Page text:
Of course, there is an alternative to accessing HMI data with downloadable apps. Instead, it is possible to devise a mobile-enabled Web site that serves as an HMI. Mobile-platform users then connect to the Web site to view automation system data and, in some cases, to issue commands. The advantage of this approach is simpler development: Particularly with the use of the recently standardized HTML5 spec, developers need only create one Web page rather than multiple apps written in Java or C.
The downside is that the quality of the browser-based access experience varies widely depending on the mobile platform. Web-server screens developed on and for PCs don’t scale well to the smaller displays found in handheld devices. Furthermore, the screens, especially the graphics, often take time to load. Another issue is that browser-based remote access often provides only a snapshot of the HMI screens, creating problems when monitoring large amounts of data in operating conditions that change frequently.
It is also easier to create Web pages that provide a read-only view of the data without giving the mobile-device user the ability to issue commands. So developers frequently create Web-page HMIs that are strictly snapshots of equipment status but which provide no way of controlling the process.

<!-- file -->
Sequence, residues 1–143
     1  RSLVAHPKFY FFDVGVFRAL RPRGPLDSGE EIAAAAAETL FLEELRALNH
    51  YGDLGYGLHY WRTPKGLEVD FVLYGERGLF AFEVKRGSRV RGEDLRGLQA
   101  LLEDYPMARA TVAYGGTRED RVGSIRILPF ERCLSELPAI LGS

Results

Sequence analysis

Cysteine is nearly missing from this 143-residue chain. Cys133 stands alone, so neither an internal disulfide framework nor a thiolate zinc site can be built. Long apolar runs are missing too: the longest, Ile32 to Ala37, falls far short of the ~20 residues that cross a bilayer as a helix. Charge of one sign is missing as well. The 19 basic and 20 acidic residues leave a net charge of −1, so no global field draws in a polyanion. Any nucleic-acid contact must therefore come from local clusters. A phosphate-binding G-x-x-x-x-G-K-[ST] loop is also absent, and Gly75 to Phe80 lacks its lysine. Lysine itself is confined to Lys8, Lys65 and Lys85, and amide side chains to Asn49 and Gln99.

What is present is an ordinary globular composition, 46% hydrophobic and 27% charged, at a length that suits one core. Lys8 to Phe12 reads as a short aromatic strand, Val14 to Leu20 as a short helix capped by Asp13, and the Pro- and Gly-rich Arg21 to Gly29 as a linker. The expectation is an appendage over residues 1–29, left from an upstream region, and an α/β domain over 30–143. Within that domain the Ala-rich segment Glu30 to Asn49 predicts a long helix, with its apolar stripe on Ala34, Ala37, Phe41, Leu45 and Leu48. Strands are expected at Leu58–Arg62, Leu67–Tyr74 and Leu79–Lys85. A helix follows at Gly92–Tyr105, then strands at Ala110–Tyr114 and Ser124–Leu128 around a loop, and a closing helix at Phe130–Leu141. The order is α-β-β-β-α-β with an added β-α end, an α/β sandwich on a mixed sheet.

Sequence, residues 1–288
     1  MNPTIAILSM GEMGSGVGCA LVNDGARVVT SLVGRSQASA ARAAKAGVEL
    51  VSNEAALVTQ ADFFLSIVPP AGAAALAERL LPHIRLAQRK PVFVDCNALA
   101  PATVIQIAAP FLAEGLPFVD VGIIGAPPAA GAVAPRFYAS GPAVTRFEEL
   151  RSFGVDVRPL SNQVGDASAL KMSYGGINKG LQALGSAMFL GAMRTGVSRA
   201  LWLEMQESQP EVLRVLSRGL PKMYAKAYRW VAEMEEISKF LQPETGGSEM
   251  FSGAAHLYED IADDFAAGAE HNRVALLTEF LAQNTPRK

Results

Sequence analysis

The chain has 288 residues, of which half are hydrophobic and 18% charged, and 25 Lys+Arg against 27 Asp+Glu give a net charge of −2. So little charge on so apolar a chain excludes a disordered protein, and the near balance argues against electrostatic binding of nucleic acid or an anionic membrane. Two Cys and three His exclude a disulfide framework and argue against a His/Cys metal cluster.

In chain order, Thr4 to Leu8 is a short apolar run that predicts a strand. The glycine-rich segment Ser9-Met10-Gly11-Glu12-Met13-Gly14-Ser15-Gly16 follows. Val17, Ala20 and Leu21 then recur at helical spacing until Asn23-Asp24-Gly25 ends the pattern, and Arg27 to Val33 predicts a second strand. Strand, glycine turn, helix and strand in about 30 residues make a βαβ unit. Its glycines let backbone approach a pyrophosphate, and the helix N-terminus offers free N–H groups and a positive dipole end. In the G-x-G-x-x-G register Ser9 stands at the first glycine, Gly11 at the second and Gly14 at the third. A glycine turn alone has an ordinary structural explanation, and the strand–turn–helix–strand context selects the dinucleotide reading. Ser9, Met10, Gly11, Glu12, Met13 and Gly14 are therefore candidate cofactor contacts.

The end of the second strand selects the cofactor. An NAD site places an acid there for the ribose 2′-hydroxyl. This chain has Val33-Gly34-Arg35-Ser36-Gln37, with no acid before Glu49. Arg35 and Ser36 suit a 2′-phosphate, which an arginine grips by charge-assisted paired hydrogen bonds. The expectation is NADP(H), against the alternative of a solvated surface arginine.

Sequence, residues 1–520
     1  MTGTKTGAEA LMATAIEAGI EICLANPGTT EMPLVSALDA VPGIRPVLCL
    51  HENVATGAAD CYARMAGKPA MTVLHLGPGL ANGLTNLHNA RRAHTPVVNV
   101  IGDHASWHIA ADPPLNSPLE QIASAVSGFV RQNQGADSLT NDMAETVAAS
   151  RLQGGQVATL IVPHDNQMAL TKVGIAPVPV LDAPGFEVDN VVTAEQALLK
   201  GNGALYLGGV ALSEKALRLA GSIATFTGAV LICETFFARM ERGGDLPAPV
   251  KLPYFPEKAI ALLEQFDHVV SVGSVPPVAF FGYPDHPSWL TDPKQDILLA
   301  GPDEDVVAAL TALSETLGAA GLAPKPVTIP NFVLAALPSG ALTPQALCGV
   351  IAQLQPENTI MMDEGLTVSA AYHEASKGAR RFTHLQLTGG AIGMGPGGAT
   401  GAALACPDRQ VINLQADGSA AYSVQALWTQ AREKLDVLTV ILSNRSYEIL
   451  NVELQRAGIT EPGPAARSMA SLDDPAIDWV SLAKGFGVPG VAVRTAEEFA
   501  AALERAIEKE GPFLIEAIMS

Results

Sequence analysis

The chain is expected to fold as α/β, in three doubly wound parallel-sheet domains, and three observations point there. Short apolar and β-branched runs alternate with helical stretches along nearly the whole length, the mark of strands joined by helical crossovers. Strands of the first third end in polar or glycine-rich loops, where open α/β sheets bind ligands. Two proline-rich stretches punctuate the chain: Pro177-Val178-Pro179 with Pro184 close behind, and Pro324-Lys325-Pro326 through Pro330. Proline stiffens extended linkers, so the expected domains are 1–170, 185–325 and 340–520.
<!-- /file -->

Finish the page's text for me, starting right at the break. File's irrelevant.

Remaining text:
On the other hand, downloaded apps for remote access usually provide a smoother interface that is less likely to introduce delays in response. Some developers estimate that use of Web-page access adds about 250 msec of delay, compared to accessing industrial processes through a mobile app and VPN. One reason is that mobile apps for industrial use can be built to incorporate Ethernet/IP and Modbus TCP/IP drivers to let them talk to a PLC on the control system directly.
Making access easier
However, the real benefit of HTML5 support is that more users can access the HMI screens pretty much regardless of the device type. Many features of HTML5 specifically target low-powered devices such as smartphones and tablets. And the browsers on almost all these newer mobile devices all support HTML5. In particular, HTML5 adds new syntactic features for video and audio. There are also features that make it easier for developers to incorporate scalable vector graphics and mathematical equations. The thrust of these improvements is to simplify the task of handling multimedia and graphical content on the Web without having to resort to proprietary plug-ins and APIs.